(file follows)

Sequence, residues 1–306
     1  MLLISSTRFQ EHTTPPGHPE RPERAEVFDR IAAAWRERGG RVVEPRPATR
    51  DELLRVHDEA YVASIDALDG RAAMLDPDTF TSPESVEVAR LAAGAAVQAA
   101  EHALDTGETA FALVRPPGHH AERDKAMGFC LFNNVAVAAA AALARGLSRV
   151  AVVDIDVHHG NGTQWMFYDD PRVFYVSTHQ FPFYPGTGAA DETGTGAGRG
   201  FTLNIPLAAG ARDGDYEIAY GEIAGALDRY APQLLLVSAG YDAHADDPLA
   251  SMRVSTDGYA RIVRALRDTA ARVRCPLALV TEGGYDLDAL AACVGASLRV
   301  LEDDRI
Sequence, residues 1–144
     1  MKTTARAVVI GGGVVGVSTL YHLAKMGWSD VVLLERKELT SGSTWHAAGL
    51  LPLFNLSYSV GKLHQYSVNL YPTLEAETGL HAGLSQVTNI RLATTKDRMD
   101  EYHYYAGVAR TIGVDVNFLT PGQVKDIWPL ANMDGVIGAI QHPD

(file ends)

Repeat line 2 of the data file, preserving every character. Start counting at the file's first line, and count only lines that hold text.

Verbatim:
     1  MLLISSTRFQ EHTTPPGHPE RPERAEVFDR IAAAWRERGG RVVEPRPATR